Some years back, Vince Lombardi, legendary coach of the Green Bay Packers, is reported to have said "Winning isn't everything; it's the only thing." He may have cribbed the sentiment from a UCLA football coach of lesser repute, but Lombardi's words, which reflect the no-nonsense, substance-over-style mentality typically associated with old, white coaches from bygone eras, have since been codified as gospel.
In our sports culture, you're either a winner or you're not. Take home a championship, and in the immediate aftermath sportswriters will spare no effort eulogizing your accomplishments and turning your back story into a narrative worthy of Hollywood. Come up just inches short, and the first line of your CV will always make mention of your lack of titles. Just ask Charles Barkley, or until last year, LeBron James.
But in some respects, Lombardi may have been half-right, though not in the way he (probably) intended. Winning, as it turns out, may not be everything—not within the context of creating a legacy that outlasts your time spent in the arena. Consider Monday's NCAA Men's National Championship. Two good teams played a great game, and a significant number of pundits working within the sports media industrial complex immediately labeled it a classic. While I find myself agreeing with that assessment, I don't think the winning team, the Louisville Cardinals, achieved "everything." There have been a lot of classic NCAA championship games in the past 20 years, but the sad truth is most of the participating teams are largely forgotten, one thread in the tapestry of past champions, one brief clip on a retrospective edition of "One Shining Moment." The 2012-13 Cardinals' legacy will only live on within the confines of Kentucky, but in 10 years, kids on playgrounds across the country aren't going to be talking about Peyton Siva. After all, when was the last time you heard someone reference the 1999 Connecticut Huskies and Khalid El-Amin in casual conversation?
What made Monday's championship game especially ironic in terms of legacy and winning is that in the stands of the Georgia Dome sat the five members of the most influential and oft-remembered college basketball team of the past 25 years. Chris Webber, Jalen Rose, Jimmy King, Juwan Howard, and Ray "Don't forget about me" Jackson, the members of Michigan's famed Fab Five squad, staged an impromptu reunion within the sea of fans wearing the maize and blue. They watched their alma mater lose the same title game they lost for a second straight time 20 years ago, but unlike this year's championship game participants, the Fab Five's legacy will live on forever, in spite of the fact that they never won a thing.
In this respect, the Fab Five are something of an anomaly, a team whose achievements are far greater than those of the championship winning teams from that era of college basketball. They were a cultural phenomenon, a group of young men whose novel style of dress (black shoes, black socks), on-court bravado, and exciting style of play made them bigger than the game. Though it's been well documented in recent years, it bears repeating: The 1991-93 University of Michigan men's basketball team achieved a cultural relevance that approached the likes of professional athletes and proven champions like Michael Jordan and Magic Johnson. That's no small feat, and the Fab Five achieved it not by winning but by playing the game and comporting themselves in a manner that was invigorating and fresh. They were trailblazers, and that's why they will always be remembered. Former UNC stars Eric Montross and Donald Williams can spend the rest of eternity dusting off their championship hats, but few young basketball players today know who they were or what they accomplished. That will never be the case with Webber and Rose.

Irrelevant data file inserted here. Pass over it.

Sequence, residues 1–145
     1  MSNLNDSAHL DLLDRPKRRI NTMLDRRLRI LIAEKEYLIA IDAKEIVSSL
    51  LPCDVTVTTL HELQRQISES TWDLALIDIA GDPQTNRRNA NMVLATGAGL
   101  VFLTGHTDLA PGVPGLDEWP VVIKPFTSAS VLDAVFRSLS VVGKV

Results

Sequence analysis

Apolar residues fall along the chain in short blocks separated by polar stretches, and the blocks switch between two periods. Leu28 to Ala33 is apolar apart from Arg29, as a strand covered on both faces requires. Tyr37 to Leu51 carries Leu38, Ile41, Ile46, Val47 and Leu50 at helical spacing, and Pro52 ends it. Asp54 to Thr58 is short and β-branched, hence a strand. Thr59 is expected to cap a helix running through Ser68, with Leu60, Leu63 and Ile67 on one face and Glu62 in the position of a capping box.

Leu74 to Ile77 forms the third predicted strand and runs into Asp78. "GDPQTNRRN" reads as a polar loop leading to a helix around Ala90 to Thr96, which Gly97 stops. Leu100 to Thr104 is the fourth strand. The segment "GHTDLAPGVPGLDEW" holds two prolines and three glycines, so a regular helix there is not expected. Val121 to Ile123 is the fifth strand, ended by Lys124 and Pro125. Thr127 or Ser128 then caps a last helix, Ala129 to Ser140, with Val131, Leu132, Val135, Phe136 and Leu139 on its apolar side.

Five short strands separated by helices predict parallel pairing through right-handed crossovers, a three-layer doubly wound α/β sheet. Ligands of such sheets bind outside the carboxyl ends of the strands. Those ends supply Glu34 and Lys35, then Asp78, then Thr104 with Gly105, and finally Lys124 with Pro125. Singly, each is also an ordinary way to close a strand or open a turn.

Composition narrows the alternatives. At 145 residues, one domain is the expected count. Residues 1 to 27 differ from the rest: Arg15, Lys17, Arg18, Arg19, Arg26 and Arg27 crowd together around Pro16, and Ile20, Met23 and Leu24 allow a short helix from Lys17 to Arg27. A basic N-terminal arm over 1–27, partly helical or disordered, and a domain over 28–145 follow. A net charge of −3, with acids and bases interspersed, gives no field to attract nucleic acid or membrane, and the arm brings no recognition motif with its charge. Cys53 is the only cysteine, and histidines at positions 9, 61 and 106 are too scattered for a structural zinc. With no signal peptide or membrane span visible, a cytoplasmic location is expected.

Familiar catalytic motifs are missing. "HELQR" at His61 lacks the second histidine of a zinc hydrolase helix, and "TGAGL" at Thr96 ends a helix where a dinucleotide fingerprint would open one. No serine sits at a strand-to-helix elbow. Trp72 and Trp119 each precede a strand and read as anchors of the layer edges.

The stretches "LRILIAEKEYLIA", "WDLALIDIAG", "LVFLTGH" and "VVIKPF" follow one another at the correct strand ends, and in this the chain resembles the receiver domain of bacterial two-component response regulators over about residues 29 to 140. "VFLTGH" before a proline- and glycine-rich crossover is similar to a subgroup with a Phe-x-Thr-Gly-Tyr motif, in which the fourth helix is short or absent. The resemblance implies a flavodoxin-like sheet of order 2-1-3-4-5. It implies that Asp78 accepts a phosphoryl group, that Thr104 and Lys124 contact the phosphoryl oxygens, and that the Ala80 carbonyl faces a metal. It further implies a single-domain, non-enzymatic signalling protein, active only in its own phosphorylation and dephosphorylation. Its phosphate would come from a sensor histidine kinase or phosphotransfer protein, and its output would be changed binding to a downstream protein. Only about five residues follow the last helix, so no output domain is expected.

This may not be news, but it feels important considering the current state of the NCAA, a state most intelligent people agree is corrupt and probably beyond repair. But the problems don't stop there. The endless verbal abuse these student-athletes are subjected to at visiting arenas and in practice (Rutgers coach Mike Rice is probably not the only Division I coach to demonstrate such loathsome behavior) are equally repugnant. One of the root causes of these problems is our sports culture's pervasive obsession with winning. Athletes, coaches and athletic directors are pressured to triumph at all costs every season, because they are led to believe that doing so is the only way to achieve glory within the realm of sports. This mentality pushes all participants to push the boundaries of acceptable behavior on a regular basis, and problems arise.
It's not worth it, and that oft-unspoken truth may be one key to breaking this cycle. It's time we all started recognizing that while winning at the collegiate level is a great accomplishment, it's far from the only thing worth celebrating. How the players play the game is as important as whether they win or lose. I'm not advocating for some sort of youth-sports model in which the score doesn't matter and all involved parties go home with a participation trophy, but people should start paying more respect to athletic accomplishments other than winning. Let's celebrate the innovators, the teams with a fresh sense of style and flair. Let's give more mind to teams like Florida Gulf Coast, not just because they pulled off a few upsets but because of the way they did it: with a sense of fun and a style all their own. Let's stop beginning every discussion of teams like Houston's Phi Slamma Jamma by mentioning their inability to win a national championship.
Not every team can be the Fab Five, and an athlete or team's relevance will always correlate with their talent. But 20 years after they failed to win on one of sports biggest stages, people are still talking about the Fab Five. That's worth remembering.